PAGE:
How could this possibly happen? Marijuana is legal for recreational use in Alaska. But shops selling CBD oil got raided by police. CBD is not even psychoactive, and should be the least of any state’s issues. What’s strangest of all, is that the CBD raids happened in a state where THC is legal. But perhaps we should look at the facts before we panic.
CannabisNow investigated a statement released by Alaska’s Alcohol and Marijuana Control Office on CBD products seized from several stores. The control office claims that CBD is not included in the current scope of state law.
Legal uncertainties and dissenting voices
Is CBD marijuana, or isn’t it? Alaska regulators are still trying to make up their minds according to a report in The Alaska Journal of Commerce. According to a spokesperson from the Alcohol and Marijuana Control Office (AMCO), the matter is still under debate.
If AMCO decides that CBD is a marijuana product, it seems that the main problem may be that the imported CBD oil seized in raids wasn’t packaged, tested, and tracked in accordance with Alaska’s marijuana laws.
But there are many, including the national hemp producers organization, who would argue that CBD oil comes from hemp and should, therefore, be distinguished from marijuana. In fact, the organization has repeatedly stated that according to the agricultural laws allowing hemp to be grown in the United States, all hemp products are legal in all states, whether they have marijuana laws or not.
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CBD oil isn’t marijuana, but it comes from cannabis
Look at the plant, and yes, it’s cannabis sure enough. Look at what it does and how it is used, and it’s not marijuana. Legislators in Alaska seem to be struggling with the fundamental differences between marijuana and hemp. They certainly won’t be the first to do so.
Which definitions should they take into account? Botanically, both marijuana and hemp are really cannabis. Linguistically, there’s some confusion, but most people see marijuana as being a herb containing THC which makes people high. A good CBD oil contains a tiny amount of THC and doesn’t make you high. The plant it comes from would ordinarily be called hemp.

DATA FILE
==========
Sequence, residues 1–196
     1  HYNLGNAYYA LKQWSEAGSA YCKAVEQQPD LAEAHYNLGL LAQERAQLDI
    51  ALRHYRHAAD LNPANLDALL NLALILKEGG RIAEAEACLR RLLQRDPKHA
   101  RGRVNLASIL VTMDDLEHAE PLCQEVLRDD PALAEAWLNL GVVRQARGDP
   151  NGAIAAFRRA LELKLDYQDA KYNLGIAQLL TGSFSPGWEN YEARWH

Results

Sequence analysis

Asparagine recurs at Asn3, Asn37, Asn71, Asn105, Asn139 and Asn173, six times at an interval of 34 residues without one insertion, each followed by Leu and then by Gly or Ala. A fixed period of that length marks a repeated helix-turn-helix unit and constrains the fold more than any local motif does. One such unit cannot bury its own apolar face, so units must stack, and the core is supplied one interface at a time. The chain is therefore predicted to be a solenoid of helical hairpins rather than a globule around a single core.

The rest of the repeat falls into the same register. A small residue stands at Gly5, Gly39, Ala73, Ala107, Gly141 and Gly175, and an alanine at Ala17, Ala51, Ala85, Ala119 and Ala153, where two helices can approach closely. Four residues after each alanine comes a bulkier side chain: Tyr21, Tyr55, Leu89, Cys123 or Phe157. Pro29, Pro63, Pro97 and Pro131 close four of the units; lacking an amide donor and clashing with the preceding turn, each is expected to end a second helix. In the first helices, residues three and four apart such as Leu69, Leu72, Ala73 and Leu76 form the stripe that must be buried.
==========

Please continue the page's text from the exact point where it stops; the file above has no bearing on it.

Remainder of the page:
Confused? So are the lawmakers. One could almost sympathize with them if it weren’t for the fact that treating a non-psychoactive plant extract as if it were a drug seems somewhat over the top! However, we have to sympathize with Alaska’s desire for accountability in tracing, tracking and package information. Without these controls, people could sell just about anything as CBD oil, and that would be bad for consumers.
A look into the crystal ball: what does the future hold?
It seems likely that after discussions, AMCO will allow the sale of CBD oil again. It would be a good thing if the organization called for quality control measures, and we hope that it will.
We also hope that it will distinguish between CBD and THC, and we can blame part of the muddle on the DEA for calling CBD oil a “marijuana extract.” It seems likely that AMCO will follow suit. We may not agree with that terminology, but it has already been decided, so we’ll just have to think things through the way Alaska is now doing.
Disclaimer: Views expressed here do not necessarily reflect those of Endoca and its staff. This article is not intended to provide medical advice, diagnosis, treatment or cure. Endoca CBD products have not been approved by the US Food and Drug Administration (FDA).